Harry Emerson Fosdick


A Historic City Church Looking To The Future


Harry Emerson Fosdick

Christianity had become troubled by the conflict between Biblical creation and the new knowledge from Darwin’s discoveries. Harry Emerson Fosdick was a prominent spokesman for the anti-fundamentalist theological position that faith and science could co-exist. A pacifist and promoter of the League of Nations, he had joined the faculty of Union Theological Seminary in 1911 and was teaching there when he was invited to join the ministerial team of the newly organized First Church as “preaching minister.” He was a captivating preacher, and overflow crowds packed the church to hear him advocate tolerance and the liberal position. But as an ordained Baptist minister Fosdick was an odd person to find in a Presbyterian pulpit. He did not become a Presbyterian and so remained a guest in the church, and this was a factor in the controversy that surrounded his tenure.

According to tradition, the morning of Fosdick’s final sermon as preacher of First Church, the center aisle marble floor cracked from the weight of the packed balconies (a crack that is still visible today).

In 1922, Fosdick preached a sermon with the title, “Shall the Fundamentalists Win?” It was a reasoned espousal of the view that science had a place beside faith. Widely circulated, it became a central document of the modernist movement, attracting the particular attention of church conservatives, among them the politician, William Jennings Bryan. Since Fosdick was not a Presbyterian he could not be reprimanded through the channels of church governance, but his position could be. Asked to become a Presbyterian or resign his First Church pulpit, he chose the latter. He submitted his resignation in 1923, but the Session showed its strong support and refused to accept it. The next year, however, he petitioned successfully, and he left First Church in 1925. His farewell sermon was so eagerly anticipated that, according to church lore, the marble floor of the central aisle in the sanctuary developed a crack from the weight of the over packed balconies. The crack is visible today.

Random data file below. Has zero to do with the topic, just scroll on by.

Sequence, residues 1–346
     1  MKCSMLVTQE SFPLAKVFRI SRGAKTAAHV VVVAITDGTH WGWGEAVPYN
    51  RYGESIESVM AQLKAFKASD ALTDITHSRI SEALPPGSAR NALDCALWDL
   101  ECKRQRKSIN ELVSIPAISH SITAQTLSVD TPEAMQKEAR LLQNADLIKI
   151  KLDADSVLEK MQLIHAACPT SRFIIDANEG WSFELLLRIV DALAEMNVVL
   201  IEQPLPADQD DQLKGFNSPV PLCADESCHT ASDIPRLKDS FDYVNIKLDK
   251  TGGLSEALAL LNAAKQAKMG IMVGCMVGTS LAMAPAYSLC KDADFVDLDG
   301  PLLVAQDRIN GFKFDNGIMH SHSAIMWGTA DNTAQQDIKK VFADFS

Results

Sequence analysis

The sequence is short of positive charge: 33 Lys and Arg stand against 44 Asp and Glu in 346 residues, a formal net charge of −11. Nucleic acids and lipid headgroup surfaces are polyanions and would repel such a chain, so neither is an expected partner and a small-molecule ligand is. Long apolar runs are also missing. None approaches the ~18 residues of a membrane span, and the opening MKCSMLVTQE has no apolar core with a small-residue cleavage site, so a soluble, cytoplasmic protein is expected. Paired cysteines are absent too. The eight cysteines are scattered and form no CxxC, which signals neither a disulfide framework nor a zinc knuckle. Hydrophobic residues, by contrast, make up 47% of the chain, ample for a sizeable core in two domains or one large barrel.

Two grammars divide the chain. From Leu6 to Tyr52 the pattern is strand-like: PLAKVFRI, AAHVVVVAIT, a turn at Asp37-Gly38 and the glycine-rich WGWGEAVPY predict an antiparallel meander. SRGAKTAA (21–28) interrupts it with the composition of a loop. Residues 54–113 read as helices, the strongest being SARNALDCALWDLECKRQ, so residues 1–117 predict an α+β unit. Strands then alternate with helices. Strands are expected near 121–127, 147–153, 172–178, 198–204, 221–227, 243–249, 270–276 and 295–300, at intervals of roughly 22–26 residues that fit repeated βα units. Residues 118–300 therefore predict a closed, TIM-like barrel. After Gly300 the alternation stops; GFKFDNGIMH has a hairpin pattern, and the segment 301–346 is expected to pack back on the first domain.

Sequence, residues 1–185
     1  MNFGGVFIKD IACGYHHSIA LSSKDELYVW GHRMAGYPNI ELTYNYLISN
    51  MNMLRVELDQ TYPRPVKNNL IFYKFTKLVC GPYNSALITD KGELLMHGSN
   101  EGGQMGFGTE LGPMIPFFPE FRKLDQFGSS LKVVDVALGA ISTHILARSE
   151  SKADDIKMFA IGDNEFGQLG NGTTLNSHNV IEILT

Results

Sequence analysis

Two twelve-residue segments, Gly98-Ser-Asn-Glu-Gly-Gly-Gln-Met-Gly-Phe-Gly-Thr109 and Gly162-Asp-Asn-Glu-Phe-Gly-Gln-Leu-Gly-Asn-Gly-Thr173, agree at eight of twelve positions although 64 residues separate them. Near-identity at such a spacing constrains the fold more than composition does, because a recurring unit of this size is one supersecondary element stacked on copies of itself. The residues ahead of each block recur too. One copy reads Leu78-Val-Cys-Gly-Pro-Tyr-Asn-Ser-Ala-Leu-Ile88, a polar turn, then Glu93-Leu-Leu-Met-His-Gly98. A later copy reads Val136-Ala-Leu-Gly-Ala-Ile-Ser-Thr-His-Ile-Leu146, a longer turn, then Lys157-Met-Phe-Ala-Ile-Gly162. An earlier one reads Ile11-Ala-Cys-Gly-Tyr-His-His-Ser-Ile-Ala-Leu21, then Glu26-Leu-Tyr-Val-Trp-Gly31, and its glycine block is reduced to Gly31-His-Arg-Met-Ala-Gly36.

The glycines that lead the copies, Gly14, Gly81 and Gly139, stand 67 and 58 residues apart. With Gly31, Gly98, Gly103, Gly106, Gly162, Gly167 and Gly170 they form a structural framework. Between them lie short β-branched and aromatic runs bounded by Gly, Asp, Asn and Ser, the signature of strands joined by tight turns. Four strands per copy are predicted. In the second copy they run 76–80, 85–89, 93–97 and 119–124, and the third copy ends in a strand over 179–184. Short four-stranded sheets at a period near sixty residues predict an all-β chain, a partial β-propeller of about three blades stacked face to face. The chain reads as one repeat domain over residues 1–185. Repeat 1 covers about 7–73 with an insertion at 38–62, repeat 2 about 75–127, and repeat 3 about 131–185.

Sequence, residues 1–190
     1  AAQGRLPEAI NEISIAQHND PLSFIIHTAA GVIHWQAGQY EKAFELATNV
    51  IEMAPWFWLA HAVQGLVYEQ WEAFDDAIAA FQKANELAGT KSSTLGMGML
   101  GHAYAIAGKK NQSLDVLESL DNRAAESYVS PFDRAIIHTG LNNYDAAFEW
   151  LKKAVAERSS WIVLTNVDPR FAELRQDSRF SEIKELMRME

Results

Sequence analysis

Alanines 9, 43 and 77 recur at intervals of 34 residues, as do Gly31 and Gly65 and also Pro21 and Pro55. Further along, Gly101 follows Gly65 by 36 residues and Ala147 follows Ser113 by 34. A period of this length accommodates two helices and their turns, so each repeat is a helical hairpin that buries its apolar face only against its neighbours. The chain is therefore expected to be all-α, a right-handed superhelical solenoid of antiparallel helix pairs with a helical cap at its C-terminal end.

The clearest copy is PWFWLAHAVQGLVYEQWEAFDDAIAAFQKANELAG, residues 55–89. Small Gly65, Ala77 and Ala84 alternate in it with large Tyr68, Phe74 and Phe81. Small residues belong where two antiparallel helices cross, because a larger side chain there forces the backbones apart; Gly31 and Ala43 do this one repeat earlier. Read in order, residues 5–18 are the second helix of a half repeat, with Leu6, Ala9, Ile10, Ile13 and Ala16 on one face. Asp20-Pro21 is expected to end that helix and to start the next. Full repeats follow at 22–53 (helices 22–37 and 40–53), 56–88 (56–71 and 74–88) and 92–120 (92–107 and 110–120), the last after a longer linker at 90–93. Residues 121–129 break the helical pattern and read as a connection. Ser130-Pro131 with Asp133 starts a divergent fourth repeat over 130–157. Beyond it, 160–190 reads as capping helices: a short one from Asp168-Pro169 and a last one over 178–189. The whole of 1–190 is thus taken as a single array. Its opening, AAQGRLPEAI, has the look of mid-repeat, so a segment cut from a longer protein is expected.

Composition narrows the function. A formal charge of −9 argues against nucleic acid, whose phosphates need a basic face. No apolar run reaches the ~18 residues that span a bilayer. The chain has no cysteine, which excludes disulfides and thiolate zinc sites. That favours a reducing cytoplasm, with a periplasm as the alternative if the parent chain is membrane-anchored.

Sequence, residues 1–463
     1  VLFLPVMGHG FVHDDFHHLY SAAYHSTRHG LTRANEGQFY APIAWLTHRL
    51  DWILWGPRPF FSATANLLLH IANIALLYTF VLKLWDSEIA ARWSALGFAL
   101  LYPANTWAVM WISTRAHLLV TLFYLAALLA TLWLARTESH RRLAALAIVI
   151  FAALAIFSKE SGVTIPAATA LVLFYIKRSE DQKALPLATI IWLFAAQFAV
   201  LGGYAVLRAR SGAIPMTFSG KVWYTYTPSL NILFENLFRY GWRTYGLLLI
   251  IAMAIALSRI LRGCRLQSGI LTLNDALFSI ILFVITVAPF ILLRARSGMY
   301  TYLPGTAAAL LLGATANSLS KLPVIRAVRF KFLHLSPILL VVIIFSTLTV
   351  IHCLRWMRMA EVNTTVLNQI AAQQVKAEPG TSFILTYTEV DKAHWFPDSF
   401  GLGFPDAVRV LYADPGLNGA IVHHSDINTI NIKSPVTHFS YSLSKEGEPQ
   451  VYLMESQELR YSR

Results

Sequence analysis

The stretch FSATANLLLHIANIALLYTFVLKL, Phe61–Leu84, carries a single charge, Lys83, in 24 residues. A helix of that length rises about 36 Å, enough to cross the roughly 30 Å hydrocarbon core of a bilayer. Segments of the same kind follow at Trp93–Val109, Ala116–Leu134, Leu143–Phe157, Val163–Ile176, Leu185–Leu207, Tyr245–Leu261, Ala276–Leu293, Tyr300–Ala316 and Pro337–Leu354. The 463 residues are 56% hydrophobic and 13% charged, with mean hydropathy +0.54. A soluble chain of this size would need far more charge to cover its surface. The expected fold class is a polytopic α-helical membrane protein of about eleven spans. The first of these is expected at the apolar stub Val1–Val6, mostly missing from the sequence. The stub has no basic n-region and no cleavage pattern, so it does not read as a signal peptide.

From First Church Fosdick went to the Park Avenue Baptist Church where John D. Rockefeller, Jr., was a member. Rockefeller was instrumental in financing the establishment of the interdenominational Riverside Church in Morningside Heights. Fosdick’s liberal voice could be heard there from 1930 until 1946 when he retired.

Rev. Harry Emerson Fosdick, Associate and preaching Minister of the Consolidated First Presbyterian Church 1919-1924, who liberal interpretation of the Bible aroused aroused the ire of fundamentalist Presbyterians

Learn more about Harry Emerson Fosdick’s ministry and influence on American Protestantism in a set of lectures written by archivist David Pultz:
Harry Emerson Fosdick and The Fundamentalist / Modernist Conflict
Theological Influences and Beliefs of Harry Emerson Fosdick
The Preaching of “Shall the Fundamentalists Win?”
Purchase a collection of sermons preached by Harry Emerson Fosdick at The First Presbyterian Church in the City of New York: